Career perspective: Ralph F. Goldman—military ergonomics
© Goldman; licensee BioMed Central Ltd. 2013
Received: 8 October 2013
Accepted: 29 October 2013
Published: 6 December 2013
Military Ergonomics is a name I made up when the Commander at the US Army Research Institute of Environmental Medicine (USARIEM) told me 'The Surgeon General wants to give you a Research Division of your own.’ I demurred, saying 'That would make me an Administrator, and I prefer research,’ but the C.O. (who was a friend) insisted, saying that what I wanted had no impact on what the General wanted and I had to become the Director of either the Heat, Cold, Work, or Altitude Divisions. Thinking fast, I said 'I want the “Military Ergonomics Division” ’, and when he asked 'What's that?’ I said 'That's good- it means I can continue my studies on the effects of heat, cold, terrain, load carried, clothing, food, & water intake on troops.’
KeywordsNutrition and body composition Military operations Biomedical effects of clothing Heated, sweating, walking manikins Effects of heat, cold, and loads
My father was born in a 'shtetl’ near Gorodno (Figure 1) to a family of 'gelerntes’ , i.e., sons who began lifelong study at age 4 to be trained as husbands for daughters of wealthy families and to 'keep the brains in the family.’ But, in that era being Jewish, at age 7 he would have been inducted to the Russian Army as a cavalry equerry for 17 years. So at age 5, he and his brother (age 3), pregnant mother, and father moved to America where his mother was found to have tuberculosis (TB), and his mother and father were sent back to Europe; the two boys were left with an aunt who lived in Boston. My grandmother died 2 years later from TB, after giving birth to her fourth son, and my grandfather returned to Boston and raised his four sons as gelerntes. My father became an MD, had an office as an OBGYN in the Italian 'North End’ of Boston and in our home in Roxbury, earned an MPH at Harvard School of Public Health, became Deputy Commissioner of Public Health for Boston and a lecturer at Tufts University Medical School, and died of MI at age 47, leaving my mother at 41 with three sons.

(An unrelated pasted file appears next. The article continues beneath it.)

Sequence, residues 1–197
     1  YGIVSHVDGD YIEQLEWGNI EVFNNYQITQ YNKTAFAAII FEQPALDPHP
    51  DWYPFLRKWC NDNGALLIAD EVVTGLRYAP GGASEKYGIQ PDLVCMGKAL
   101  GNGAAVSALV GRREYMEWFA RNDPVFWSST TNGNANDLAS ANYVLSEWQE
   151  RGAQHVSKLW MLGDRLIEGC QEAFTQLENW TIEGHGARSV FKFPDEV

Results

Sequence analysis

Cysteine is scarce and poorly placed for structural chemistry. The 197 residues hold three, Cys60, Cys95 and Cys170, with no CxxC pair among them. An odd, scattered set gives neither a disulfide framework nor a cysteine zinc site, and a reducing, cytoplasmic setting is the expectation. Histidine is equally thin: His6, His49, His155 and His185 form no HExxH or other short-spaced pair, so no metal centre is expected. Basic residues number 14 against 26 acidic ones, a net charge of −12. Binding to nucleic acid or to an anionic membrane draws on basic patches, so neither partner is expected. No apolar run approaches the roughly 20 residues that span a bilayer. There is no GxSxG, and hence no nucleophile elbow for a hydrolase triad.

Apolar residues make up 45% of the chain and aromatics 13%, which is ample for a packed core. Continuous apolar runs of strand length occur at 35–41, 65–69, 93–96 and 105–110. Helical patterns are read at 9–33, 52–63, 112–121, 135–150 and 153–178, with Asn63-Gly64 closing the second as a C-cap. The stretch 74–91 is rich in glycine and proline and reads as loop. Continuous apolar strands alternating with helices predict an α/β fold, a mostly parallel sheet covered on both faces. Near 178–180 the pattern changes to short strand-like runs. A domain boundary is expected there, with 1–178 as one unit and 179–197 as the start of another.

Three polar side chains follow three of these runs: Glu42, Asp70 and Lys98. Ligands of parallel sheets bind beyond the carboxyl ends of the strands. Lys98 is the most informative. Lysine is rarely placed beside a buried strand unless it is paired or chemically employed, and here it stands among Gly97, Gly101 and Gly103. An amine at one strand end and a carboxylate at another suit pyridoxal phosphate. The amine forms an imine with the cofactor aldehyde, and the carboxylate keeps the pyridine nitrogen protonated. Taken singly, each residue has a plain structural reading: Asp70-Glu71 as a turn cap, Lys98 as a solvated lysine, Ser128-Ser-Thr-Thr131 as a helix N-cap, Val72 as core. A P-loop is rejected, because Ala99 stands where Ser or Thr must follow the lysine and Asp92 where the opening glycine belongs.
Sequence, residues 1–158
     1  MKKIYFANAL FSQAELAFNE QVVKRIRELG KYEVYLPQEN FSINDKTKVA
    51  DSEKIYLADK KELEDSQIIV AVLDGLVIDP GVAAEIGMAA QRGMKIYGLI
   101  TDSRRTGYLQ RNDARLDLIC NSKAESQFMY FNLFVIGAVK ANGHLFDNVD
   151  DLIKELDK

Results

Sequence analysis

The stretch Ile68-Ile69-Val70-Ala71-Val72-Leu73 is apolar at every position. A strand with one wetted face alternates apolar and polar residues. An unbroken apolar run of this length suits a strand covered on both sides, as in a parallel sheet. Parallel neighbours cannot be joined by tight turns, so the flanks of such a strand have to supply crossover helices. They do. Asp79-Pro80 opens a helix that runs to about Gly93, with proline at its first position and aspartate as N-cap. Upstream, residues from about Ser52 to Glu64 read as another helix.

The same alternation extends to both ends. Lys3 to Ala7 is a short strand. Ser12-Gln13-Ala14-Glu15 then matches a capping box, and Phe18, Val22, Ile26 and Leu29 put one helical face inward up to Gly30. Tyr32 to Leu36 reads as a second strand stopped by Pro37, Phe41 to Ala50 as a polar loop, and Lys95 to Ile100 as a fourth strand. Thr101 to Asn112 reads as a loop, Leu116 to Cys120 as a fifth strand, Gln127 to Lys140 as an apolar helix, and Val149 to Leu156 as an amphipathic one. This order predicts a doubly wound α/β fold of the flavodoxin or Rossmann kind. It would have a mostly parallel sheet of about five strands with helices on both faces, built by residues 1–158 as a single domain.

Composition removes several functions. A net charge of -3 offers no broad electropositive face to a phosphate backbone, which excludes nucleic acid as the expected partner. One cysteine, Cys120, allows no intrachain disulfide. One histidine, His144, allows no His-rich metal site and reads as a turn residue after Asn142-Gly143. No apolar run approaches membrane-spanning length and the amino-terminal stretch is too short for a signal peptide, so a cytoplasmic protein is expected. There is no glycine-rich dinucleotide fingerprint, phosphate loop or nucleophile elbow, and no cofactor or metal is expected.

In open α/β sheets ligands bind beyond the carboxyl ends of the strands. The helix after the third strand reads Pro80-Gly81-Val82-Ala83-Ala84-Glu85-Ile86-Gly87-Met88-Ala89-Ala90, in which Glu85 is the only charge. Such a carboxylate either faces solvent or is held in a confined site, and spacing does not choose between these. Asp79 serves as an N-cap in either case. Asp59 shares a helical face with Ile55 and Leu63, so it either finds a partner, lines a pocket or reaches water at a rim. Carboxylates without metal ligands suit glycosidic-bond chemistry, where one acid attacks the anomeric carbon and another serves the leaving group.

In keeping with tradition, I learned to read before I went to kindergarten. I was sent to Boston Latin School in the seventh grade, where I had 3 1/2 h of homework every night; had two piano lessons a week, for which I had to practice 2 1/2 h a day (and had to perform before the entire school every Saturday, along with lessons in Music Appreciation, Theory, and Toy Orchestra); and had two Hebrew lessons from a tutor each week, which required another hour a day of study. All my homework had to be laid out on the dining room table before I went to sleep each night for my father to check. The first night it was not, he woke me and, when I attempted to explain that I had two back to back study periods the next morning and planned to do it then, dragged me out of bed and slapped me—saying 'You will do it now’; I did it, with tears streaming down my face. On the other hand, I knew he loved me; he gave me horseback riding lessons on Saturdays, took me on call with him, and occasionally left me for half a day with one of his Italian patients in the North End, where I learned to speak Italian and cook Italian food. I learned to play contract bridge sitting on his lap on Sundays and became an avid reader. He built a 4 × 8 'sand table’ for me, bought me lots of tin soldiers, which I would use to stage various historic battles, and took me out to a ship which he was checking for quarantine one Saturday night.
I was in the tenth grade at BLS when he died; I ran wild for about 6 months, switched from classic to jazz piano, and, when my mother moved us to Brookline, had to repeat the tenth grade at Brookline High. This hampered my being accepted to college in 1946 since I was in competition with all the GIs returning from World War Two (WW II). But one of my uncles—who had contracted TB from his mother—had moved to Denver to enter a sanitarium, where he met a young nurse who told him she would not let him die and married him. He lived to be 82, went to work, and (in 'gelernte tradition’) built a very large liquor company for its owner—who then became a major donor to the University of Denver. My uncle's wife and children had visited us, and his wife called my mother to suggest that I come to the University of Denver (DU). I went by train and, getting off in Denver, saw a man walking away from me; from his walk, I knew he was my uncle. The next day, he took me to meet the Chancellor of DU, who told me I had been accepted (without application).